Our work focuses on identifying brain-behavior relationships in information
processing and studying developmental shifts in neural circuitry to understand the emergence and maintenance of psychopathology during adolescence. We examine behavioral and neural correlates of affective processing as it relates to social and non-social stimuli. We are interested in understanding associations among social contextual risk and protective factors and neural mechanisms that are associated with three common forms of psychopathology in adolescence: anxiety, depression, and substance use.
Overarching questions of our research include:
- What concurrent and longitudinal patterns of brain function and structure can help us to identify which adolescents are at the greatest risk for developing psychopathology?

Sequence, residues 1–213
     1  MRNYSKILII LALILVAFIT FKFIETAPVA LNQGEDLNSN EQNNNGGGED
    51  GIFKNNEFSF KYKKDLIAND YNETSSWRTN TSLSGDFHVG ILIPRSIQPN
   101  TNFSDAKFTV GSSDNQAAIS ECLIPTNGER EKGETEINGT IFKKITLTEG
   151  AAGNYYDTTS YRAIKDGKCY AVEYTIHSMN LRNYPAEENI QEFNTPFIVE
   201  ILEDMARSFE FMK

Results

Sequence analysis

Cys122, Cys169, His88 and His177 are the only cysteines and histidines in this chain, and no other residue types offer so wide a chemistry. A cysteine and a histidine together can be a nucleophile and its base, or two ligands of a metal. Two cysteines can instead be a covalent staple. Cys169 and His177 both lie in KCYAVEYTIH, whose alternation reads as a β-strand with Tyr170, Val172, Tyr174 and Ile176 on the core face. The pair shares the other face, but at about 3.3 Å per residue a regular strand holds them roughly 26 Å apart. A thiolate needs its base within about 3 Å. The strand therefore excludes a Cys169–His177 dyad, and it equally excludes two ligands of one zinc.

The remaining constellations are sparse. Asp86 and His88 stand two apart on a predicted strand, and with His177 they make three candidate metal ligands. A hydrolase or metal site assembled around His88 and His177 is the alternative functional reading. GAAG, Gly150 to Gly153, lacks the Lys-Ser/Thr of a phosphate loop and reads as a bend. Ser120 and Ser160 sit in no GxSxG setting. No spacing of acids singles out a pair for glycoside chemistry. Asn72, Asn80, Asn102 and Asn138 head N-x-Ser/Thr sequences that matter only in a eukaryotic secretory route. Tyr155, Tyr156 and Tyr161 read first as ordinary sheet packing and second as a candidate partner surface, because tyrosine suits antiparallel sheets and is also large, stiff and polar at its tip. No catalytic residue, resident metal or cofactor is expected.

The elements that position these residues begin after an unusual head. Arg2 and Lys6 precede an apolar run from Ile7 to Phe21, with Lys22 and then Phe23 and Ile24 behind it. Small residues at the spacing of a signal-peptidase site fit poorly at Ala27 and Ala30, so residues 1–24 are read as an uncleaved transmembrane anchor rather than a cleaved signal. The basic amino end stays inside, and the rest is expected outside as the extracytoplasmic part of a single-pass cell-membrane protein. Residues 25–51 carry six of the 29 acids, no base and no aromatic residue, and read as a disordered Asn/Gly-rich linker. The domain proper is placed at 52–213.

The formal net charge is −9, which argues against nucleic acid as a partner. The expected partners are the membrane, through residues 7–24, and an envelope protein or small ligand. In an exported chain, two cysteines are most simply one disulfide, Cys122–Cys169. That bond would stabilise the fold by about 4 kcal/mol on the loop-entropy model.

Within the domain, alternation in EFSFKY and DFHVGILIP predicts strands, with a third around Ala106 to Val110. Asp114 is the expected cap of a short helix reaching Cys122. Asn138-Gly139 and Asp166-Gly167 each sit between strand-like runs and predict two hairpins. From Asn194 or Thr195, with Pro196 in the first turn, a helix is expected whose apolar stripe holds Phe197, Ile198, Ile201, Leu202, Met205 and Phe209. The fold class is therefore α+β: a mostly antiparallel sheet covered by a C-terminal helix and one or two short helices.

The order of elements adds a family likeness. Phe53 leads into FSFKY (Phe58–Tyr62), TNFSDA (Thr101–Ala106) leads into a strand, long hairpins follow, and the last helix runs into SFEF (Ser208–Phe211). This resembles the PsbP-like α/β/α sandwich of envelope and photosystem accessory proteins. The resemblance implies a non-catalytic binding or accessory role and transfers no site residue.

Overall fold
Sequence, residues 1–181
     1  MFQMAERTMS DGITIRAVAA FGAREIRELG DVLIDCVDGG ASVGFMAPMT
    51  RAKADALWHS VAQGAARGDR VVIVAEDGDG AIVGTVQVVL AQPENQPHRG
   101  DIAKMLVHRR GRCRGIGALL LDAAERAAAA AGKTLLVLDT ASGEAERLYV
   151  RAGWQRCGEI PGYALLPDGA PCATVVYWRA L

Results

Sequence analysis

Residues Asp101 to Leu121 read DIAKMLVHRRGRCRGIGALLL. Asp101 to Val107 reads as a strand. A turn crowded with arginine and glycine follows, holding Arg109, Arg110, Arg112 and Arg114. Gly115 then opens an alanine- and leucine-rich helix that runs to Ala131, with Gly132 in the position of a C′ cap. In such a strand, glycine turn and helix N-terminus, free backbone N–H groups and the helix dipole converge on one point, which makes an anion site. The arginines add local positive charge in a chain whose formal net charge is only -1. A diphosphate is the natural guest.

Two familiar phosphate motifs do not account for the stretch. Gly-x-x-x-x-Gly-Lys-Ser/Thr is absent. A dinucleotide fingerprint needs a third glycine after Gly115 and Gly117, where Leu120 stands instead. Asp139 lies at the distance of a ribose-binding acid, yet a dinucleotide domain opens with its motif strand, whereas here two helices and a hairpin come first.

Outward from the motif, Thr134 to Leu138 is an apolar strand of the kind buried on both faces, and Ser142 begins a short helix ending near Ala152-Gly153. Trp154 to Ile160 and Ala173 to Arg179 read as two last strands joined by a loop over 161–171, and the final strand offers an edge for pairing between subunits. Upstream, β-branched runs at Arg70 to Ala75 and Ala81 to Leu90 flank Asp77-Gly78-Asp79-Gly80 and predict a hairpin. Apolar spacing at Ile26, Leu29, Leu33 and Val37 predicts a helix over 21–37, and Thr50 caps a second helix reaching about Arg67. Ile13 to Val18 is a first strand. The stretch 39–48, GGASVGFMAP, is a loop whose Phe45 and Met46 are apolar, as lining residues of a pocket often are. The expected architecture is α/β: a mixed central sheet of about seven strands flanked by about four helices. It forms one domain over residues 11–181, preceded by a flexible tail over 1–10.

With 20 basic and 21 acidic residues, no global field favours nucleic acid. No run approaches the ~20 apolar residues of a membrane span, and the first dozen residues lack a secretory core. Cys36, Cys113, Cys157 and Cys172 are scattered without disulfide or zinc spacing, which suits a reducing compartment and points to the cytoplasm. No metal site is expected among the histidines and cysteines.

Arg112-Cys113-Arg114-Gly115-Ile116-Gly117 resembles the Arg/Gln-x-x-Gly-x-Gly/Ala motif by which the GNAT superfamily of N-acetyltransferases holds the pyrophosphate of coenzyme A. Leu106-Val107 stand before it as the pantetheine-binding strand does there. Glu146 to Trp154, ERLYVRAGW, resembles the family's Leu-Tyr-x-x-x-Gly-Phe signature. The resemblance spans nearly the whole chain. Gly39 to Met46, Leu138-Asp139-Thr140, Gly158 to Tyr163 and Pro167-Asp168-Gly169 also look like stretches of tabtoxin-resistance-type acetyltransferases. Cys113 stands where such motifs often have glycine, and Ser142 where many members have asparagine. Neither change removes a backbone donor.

- How do individual differences, social settings and environmental factors operate in conjunction with neural responses to emotionally-salient stimuli to predict psychopathology?
- How do these processes unfold in typical development and change with age or vary by gender?
Take a look at our website to learn more about current projects underway, the people in our lab, and how you can get involved!